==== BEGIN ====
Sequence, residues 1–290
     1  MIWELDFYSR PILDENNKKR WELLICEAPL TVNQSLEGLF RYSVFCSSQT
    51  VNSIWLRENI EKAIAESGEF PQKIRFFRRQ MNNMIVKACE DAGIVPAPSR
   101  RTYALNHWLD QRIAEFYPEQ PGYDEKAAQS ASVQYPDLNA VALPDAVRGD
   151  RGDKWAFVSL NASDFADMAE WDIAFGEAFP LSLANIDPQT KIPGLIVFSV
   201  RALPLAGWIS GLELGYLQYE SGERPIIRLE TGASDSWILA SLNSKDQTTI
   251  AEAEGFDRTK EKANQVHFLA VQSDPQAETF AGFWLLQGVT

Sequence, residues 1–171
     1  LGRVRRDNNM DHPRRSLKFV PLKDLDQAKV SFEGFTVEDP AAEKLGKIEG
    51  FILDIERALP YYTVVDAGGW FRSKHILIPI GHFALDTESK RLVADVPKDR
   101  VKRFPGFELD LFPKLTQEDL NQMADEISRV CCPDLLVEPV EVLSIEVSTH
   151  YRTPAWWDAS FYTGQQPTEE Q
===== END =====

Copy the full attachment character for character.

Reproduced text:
Sequence, residues 1–290
     1  MIWELDFYSR PILDENNKKR WELLICEAPL TVNQSLEGLF RYSVFCSSQT
    51  VNSIWLRENI EKAIAESGEF PQKIRFFRRQ MNNMIVKACE DAGIVPAPSR
   101  RTYALNHWLD QRIAEFYPEQ PGYDEKAAQS ASVQYPDLNA VALPDAVRGD
   151  RGDKWAFVSL NASDFADMAE WDIAFGEAFP LSLANIDPQT KIPGLIVFSV
   201  RALPLAGWIS GLELGYLQYE SGERPIIRLE TGASDSWILA SLNSKDQTTI
   251  AEAEGFDRTK EKANQVHFLA VQSDPQAETF AGFWLLQGVT

Sequence, residues 1–171
     1  LGRVRRDNNM DHPRRSLKFV PLKDLDQAKV SFEGFTVEDP AAEKLGKIEG
    51  FILDIERALP YYTVVDAGGW FRSKHILIPI GHFALDTESK RLVADVPKDR
   101  VKRFPGFELD LFPKLTQEDL NQMADEISRV CCPDLLVEPV EVLSIEVSTH
   151  YRTPAWWDAS FYTGQQPTEE Q